NYT Changes Subject From Anti-Semitic Omar: 'Is AIPAC Too Powerful?'

March 6th, 2019 2:14 PM

Just raising questions? Reporter Sheryl Gay Stolberg was concerned about the ramifications of the latest (it’s hard to keep track) anti-Semitic controversy around new Democratic Rep. Ilhan Omar. But it’s not concern over Omar’s latest offensive statement, in which she said during a friendly interview at a left-wing D.C. bookstore that Israel activists “push for allegiance to a foreign country.”

Instead, Stolberg is concerned that Omar is right about the harmful and outsized power wielded by the pro-Israel lobbying group American Israel Public Affairs Committee (AIPAC): “Concerns Raised Over Power Wielded by a Pro-Israel Lobbying Giant.” The text box: “A congresswoman’s comments revived a fraught debate.” The online headline to the 1900-word story was more bluntly offensive: “Ilhan Omar’s Criticism Raises the Question: Is Aipac Too Powerful?”

Instapundit placed that online Times headline against a tweet from the Twitter feed of arch-racist David Duke (“How the Israel lobby controls America”) and invited readers to tell the difference.

Stolberg, who has shown herself willing to change the subject for the new congresswoman from Minnesota, tried to see things from Omar’s twisted perspective.

When Representative Ilhan Omar landed a coveted seat on the House Foreign Affairs Committee, Stephen Fiske began working the phones to Capitol Hill.

Alarmed by messaging that he saw as anti-Semitic and by Ms. Omar’s support for the boycott-Israel movement, Mr. Fiske, a longtime activist with the American Israel Public Affairs Committee, began texting and calling his friends in Congress to complain. He is hoping Aipac activists will punish Ms. Omar, a freshman Democrat from Minnesota, with a primary challenge in 2020.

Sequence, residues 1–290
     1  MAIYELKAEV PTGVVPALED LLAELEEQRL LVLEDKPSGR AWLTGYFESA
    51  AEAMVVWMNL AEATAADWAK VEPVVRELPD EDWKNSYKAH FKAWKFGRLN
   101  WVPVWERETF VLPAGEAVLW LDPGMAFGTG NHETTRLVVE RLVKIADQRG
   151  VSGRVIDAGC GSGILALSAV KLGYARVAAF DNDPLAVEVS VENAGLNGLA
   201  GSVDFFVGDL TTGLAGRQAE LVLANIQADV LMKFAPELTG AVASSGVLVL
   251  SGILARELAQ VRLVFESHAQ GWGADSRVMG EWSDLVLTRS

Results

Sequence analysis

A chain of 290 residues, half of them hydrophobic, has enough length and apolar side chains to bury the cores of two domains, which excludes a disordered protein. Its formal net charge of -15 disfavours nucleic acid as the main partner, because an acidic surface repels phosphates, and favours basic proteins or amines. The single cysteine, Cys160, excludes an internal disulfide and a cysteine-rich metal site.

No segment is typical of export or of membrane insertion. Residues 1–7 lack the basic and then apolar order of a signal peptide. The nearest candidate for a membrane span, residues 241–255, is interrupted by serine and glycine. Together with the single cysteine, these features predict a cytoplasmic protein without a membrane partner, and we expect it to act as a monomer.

On Wednesday, House Democratic leaders will mete out one form of punishment: Spurred by outrage over Ms. Omar’s latest comments suggesting that pro-Israel activists “push for allegiance to a foreign country,” they will put a resolution condemning anti-Semitism on the House floor.

Stolberg spun the topic away from the question of Omar’s anti-Semitism, changing the subject from Omar’s anti-Jewish paranoia to AIPAC’s relative lobbying power which has apparently skewed American policy toward Israel toward the reflexive hard right. As if finding fault with AIPAC would somehow justify Omar’s rants about Israel “hypnotizing” the world, accusing American Jews of dual loyalty, and claiming Congress only supports Israel because of the Jewish “Benjamins” thrown around by AIPAC.

But the swirling debate not only around Ms. Omar but also around broader currents buffeting the Middle East has forced an uncomfortable re-examination of the questions that she has raised: Has Aipac -- founded more than 50 years ago to “strengthen, protect and promote the U.S.-Israel relationship” -- become too powerful? And with that power, has Aipac warped the policy debate over Israel so drastically that dissenting voices are not even allowed to be heard?

That bit about no "dissenting voices" is laughable, given that pro-Palestinian, anti-Israel assertions can be found at least three times a week in the paper’s opinion pages.

Those questions have grown louder with the controversy around Ms. Omar and will grow louder still in the run-up to this month’s annual Aipac policy conference -- a three-day Washington confab that is expected to draw more than 18,000 people, including Prime Minister Benjamin Netanyahu of Israel and leaders of both parties in Congress. To critics, Ms. Omar had a point, even if it was expressed with unfortunate glibness. Aipac’s money does have an outsize influence.

Stolberg admitted that AIPAC, for all Omar’s obsession, doesn’t even endorse or raise money for races. Their actions don’t seem overly sinister.

Aipac’s secret has always been an impressive system of “key contacts,” local volunteers -- preferably friends, community leaders or former classmates of lawmakers -- assigned to cultivate each senator and House member.


Aipac activists say the work they put into building relationships -- more than campaign contributions -- is responsible for the organization’s success.

She reached back 35 years ago to show AIPAC having success in ousting a PLO supporting Congressman as some kind of proof showing AIPAC “as an organization not to be trifled with,” then noted “Aipac spent $3.5 million last year on lobbying.”

In contrast, the National Education Association (the largest teachers union) spent just a shade under $5 million on lobbying in 2018, without being attacked as overly powerful in the New York Times.

But the increasing willingness of Democrats like Ms. Omar to accuse Israel of human rights abuses -- coupled with the far-right policies of Mr. Netanyahu and his embrace of President Trump -- is challenging Aipac’s claim to bipartisanship. Some liberal Democrats, including young Jews, are abandoning the organization.